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Explained: Why is Turkey opposing the entry of Sweden and Finland into NATO?

Turkey, which has been a member of NATO since 1952 and has the second largest military force in the alliance, has repeatedly opposed Finland and Sweden’s entry. What are its grievances?

Racep Tayyip Erdogan (AP/File)

Weeks after Turkish president Racep Tayyip Erdogan announced his opposition to fast-track NATO membership for Finland and Sweden, leaders of two Nordic countries and NATO will meet Erdogan Tuesday (June 28) to break the deadlock.

In response to Russia’s invasion of Ukraine, historically neutral Sweden and Finland had first applied to join the North Atlantic Treaty Organisation (NATO) in May. Turkey had opposed their entry, accusing the two Nordic countries of supporting Kurdish militant groups, which it deems to be terrorist organizations.

The presidential spokesperson stated that Erdogan’s meeting with the leaders of Sweden, Finland and NATO, “does not mean we will take a step back from our position.”

On June 15, Turkey had said the two candidates had not met its expectations and that any negotiations would have to address Turkish concerns.

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What is NATO?

The United States, Canada and various western European countries formed the North Atlantic Treaty Organisation (NATO) in 1949, in response to the perceived threat of the Soviet Union’s expansion in post-war Europe.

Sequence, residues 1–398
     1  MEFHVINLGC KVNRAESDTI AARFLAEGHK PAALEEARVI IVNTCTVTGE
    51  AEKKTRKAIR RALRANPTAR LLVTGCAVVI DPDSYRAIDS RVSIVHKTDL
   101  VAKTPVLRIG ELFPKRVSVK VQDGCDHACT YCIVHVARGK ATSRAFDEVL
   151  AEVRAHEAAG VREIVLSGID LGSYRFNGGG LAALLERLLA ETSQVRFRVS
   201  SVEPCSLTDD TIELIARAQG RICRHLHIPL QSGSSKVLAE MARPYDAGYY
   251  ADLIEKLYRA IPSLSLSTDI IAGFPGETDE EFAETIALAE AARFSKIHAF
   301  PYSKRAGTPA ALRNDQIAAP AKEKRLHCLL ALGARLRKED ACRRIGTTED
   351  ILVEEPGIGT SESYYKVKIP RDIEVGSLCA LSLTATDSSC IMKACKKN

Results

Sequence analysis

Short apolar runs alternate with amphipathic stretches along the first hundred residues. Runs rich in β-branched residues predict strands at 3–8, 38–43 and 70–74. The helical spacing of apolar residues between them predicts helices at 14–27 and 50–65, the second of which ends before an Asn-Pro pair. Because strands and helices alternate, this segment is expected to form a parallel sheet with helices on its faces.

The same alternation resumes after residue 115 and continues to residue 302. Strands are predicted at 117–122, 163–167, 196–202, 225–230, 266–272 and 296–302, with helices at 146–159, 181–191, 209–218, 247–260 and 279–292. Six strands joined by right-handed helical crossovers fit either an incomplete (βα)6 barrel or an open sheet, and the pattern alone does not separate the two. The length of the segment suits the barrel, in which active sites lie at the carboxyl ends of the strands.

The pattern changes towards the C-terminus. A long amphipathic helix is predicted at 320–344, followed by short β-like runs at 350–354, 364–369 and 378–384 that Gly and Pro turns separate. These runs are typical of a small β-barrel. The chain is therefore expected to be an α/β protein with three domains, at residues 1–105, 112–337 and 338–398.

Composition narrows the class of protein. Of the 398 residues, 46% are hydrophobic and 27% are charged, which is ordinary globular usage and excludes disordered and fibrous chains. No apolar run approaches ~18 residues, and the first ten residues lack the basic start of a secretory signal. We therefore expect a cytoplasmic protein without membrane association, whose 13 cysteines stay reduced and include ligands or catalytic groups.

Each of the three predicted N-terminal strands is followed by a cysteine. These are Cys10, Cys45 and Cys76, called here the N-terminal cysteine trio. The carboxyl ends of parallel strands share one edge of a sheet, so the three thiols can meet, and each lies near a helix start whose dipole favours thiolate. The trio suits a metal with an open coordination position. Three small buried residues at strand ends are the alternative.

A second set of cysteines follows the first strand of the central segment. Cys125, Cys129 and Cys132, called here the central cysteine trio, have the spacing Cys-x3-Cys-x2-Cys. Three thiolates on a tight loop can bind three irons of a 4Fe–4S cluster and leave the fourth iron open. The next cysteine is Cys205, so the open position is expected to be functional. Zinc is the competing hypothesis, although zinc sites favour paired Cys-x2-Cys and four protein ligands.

There are currently 30 members in NATO, and according to article 10 of the North Atlantic Treaty, any European country that can “contribute to the security of the North Atlantic area” can join the alliance.

However, accession requires the approval of each member state. In 2008, Greece vetoed North Macedonia’s bid to join NATO due to a long-term dispute over the country’s name, ‘Macedonia’. Only in 2018, when the country changed its name to North Macedonia, did Greece grant its approval, after which the country was officially admitted as a member in March 2020.


NATO is essentially a collective security alliance, with its members committed to mutual defence if any one of them is attacked by an external force.

The alliance’s chief principle of collective defence is laid out in article 5 of the North Atlantic Treaty: “The parties agree that an armed attack against one or more of them in Europe or North America shall be considered an attack against them all and consequently they agree that, if such an armed attack occurs, each of them, in exercise of the right of individual or collective self-defence recognized by Article 51 of the Charter of the United Nations, will assist the party or parties so attacked by taking forthwith, individually and in concert with the other parties, such action as it deems necessary, including the use of armed force, to restore and maintain the security of the North Atlantic area.”

What are Turkey’s grievances?

Turkey, which has been a member of NATO since 1952 and has the second largest military force in the alliance, has repeatedly opposed Finland and Sweden’s entry.


Erdogan claims that they are “home to many terrorist organisations”, like the Kurdistan’s Workers Party (PKK) and the People’s Protection Units (YPG). The PKK has engaged in armed struggle with Turkey for decades, first seeking an independent Kurdish state, but has since evolved to seek greater Kurdish autonomy and increased rights of Kurds within Turkey.